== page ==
Dir: Alexander Yellen
Star: Craig Sheffer, Ariana Richards, Kate Vernon, Dennis Haysbert
While shooting wolves, wildlife photographer Donna Voorhees (Richards) is bitten by one. Flying back home, she feels unwell and in a toilet-stall at JFK, turns into a wolf, and goes on a rampage, attacking and infecting many others at the airport. The military, led by Lt. General Monning (Haysbert) use gas to suppress the incident, and everyone involved is quarantined in a government facility, while they try to find Patient Zero. Monning sees a military potential in them, even as things spiral rapidly out of control and the wolves take Manhattan. But scientist Dr. Ellen Gordon (Vernon) and good soldier Major Brian Hoffman (Sheffer) simply want to contain the outbreak and find an antidote, before the government adopt the sterilization option, and cleanse New York with extreme, fuel-air bomb propelled, prejudice.
The cast are fairly solid, with Ernie Hudson playing the President, which is kinda ironic, since Haysbert is also best known for playing a black President, in 24. There are two main problems here. The first is a plot which makes absolutely no sense, with holes big enough to drive a bus through, such as the Voorhees basically just wanders out of the facility, which one would imagine, given the circumstances, would be fairly heavily-guarded. Monning’s actions don’t make much sense either: how exactly is turning soldiers into rabid, uncontrollable pack animals much help in war? Especially when tranquilizer darts take them down in about two seconds. Meanwhile, we learn that if the military are pursuing you in a boat, they won’t bother firing at you, but will instead give the chase if you bump into them with gentle to moderate force.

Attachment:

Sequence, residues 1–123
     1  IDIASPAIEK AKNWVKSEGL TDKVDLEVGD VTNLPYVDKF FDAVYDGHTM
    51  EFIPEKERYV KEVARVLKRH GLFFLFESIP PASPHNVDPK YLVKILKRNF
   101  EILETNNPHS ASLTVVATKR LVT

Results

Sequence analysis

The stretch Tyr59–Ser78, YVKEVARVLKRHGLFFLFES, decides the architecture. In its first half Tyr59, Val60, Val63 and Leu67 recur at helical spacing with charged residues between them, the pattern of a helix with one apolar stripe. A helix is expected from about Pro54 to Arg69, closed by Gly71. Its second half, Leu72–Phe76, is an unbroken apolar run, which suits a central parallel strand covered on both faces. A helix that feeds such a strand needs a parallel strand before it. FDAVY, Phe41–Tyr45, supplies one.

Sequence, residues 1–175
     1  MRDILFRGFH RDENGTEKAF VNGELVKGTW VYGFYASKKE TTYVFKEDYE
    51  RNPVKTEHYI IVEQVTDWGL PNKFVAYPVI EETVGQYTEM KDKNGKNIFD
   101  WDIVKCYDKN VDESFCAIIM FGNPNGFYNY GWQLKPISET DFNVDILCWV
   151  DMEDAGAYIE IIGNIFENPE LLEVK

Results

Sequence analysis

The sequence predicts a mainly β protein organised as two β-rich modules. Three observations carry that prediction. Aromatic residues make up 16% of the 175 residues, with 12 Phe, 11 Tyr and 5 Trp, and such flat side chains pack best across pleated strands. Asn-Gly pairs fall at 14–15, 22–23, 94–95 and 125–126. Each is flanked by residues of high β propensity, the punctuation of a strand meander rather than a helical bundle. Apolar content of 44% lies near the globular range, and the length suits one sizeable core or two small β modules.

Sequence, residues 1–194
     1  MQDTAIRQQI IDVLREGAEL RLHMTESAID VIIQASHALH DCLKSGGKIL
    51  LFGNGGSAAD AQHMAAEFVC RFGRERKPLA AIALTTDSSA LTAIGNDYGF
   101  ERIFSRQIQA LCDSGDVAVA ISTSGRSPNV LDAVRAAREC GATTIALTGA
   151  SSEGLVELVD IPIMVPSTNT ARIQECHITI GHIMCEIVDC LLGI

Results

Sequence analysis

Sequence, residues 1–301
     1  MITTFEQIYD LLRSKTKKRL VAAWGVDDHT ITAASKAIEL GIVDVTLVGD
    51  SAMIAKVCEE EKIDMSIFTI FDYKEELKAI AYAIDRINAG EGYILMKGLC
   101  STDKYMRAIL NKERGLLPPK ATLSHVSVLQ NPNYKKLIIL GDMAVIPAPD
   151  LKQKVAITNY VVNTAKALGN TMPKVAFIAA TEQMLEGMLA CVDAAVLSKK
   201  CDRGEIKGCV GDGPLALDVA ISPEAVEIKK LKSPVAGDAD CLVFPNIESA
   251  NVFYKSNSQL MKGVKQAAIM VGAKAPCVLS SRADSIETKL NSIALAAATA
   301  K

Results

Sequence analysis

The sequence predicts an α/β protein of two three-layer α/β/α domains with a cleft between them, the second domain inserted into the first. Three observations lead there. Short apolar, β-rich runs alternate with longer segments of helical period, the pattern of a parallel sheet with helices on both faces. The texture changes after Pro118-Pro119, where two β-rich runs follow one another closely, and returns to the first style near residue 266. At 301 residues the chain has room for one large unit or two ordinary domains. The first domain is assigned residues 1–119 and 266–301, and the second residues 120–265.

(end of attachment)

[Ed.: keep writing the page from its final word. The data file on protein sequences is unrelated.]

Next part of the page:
And the second thing? Really crappy effects. No, I mean REALLY crappy effects. Even by the low standards of The Asylum, these werewolves at no point ever look like they are part of the same landscape as the actors. Richards was actually one of the grandkids in Jurassic Park, 20 yeas ago: the effects there were infinitely superior to the ones here, which look as if they were made by a 13-year-old. To The Asylum’s credit, they do seem to have scored some decent locations. which help the other production values, but any time the wolves gallop into view, whatever disbelief you may have managed to suspend, comes crashing back to the ground like the chandelier in an Andrew Lloyd-Webber musical.